Laboratory workers are also at risk. Samples taken from humans and animals for investigation of Ebola infection should be handled by trained staff and processed in suitably equipped laboratories.
Care for people who recovered from EVD
A number of medical complications have been reported in people who recovered from Ebola, including mental health issues. Ebola virus may persist in some body fluids, including semen. Ebola survivors need comprehensive support for the medical and psychosocial challenges they face and also to minimize the risk of continued Ebola virus transmission. To address these needs, a dedicated programme can be set up for care for people who recovered from Ebola.
Ebola virus is known to persist in immune-privileged sites in some people who have recovered from Ebola virus disease. These sites include the testicles, the inside of the eye, and the central nervous system. In women who have been infected while pregnant, the virus persists in the placenta, amniotic fluid and fetus. In women who have been infected while breastfeeding, the virus may persist in breast milk.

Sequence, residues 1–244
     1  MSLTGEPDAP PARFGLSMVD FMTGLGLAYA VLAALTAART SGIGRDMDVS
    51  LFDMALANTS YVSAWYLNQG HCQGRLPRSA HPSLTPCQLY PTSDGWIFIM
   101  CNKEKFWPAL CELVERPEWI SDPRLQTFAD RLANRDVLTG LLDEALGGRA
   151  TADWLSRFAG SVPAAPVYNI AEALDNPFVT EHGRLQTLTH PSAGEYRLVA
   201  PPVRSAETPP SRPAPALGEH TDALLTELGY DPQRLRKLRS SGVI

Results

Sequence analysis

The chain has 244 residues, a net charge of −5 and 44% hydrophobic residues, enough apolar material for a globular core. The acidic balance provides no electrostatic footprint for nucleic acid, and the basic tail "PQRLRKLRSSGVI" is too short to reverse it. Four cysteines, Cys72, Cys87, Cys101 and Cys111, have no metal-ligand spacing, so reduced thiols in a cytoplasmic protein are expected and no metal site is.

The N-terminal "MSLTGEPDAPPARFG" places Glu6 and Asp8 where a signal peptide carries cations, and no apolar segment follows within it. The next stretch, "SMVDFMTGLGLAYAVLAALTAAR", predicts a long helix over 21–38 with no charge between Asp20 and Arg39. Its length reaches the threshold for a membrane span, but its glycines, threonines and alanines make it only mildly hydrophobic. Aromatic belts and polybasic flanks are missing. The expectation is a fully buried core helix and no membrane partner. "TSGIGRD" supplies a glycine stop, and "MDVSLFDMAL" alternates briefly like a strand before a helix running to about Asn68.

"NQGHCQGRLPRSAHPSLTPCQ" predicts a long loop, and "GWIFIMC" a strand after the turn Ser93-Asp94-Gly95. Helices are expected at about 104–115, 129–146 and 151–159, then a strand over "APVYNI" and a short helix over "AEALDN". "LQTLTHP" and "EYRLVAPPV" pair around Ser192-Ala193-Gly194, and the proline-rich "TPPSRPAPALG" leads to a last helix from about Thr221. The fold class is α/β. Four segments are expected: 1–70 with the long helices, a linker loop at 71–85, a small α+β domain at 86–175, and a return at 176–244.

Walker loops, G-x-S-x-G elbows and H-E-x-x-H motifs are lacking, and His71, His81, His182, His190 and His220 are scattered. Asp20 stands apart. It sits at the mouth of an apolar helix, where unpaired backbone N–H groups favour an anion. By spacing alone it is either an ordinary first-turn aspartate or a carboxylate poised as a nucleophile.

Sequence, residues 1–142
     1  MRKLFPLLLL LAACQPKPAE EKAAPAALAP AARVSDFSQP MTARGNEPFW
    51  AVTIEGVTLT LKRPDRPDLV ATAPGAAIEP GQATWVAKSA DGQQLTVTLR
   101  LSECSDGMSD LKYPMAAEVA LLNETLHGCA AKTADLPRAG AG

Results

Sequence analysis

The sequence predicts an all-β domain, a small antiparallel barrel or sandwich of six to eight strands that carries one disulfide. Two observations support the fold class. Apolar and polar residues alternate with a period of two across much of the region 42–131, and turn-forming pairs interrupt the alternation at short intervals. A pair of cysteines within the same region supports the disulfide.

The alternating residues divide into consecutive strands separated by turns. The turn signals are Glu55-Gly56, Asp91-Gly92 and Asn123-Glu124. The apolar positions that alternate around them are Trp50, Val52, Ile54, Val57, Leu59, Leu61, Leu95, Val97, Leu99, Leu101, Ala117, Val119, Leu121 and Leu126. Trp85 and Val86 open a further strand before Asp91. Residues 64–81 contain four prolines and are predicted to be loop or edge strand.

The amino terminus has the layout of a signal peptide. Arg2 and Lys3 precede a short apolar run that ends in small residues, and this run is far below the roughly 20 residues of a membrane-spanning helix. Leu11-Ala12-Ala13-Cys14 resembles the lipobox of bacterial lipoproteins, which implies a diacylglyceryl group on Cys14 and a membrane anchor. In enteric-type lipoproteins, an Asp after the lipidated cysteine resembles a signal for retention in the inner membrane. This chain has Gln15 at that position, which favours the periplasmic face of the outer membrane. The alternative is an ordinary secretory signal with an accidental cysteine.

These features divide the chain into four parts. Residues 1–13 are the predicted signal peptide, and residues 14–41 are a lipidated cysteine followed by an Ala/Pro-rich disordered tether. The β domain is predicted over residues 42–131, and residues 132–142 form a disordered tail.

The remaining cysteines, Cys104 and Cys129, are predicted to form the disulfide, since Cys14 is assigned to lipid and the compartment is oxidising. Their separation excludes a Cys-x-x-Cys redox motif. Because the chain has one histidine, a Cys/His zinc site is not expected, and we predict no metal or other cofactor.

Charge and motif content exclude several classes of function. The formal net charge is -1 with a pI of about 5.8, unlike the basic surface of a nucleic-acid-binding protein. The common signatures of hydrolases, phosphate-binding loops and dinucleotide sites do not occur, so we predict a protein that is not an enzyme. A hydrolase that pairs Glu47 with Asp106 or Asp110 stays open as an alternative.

Relapse-symptomatic illness in someone who has recovered from EVD due to increased replication of the virus in a specific site is a rare event, but has been documented. Reasons for this phenomenon are not yet fully understood.
Studies of viral persistence indicate that in a small percentage of survivors, some body fluids may test positive on reverse transcriptase polymerase chain reaction (RT-PCR) testing for Ebola virus for longer than 9 months.
More surveillance data and research are needed on the risks of sexual transmission, and particularly on the prevalence of viable and transmissible virus in semen over time. In the interim, and based on present evidence, WHO recommends that: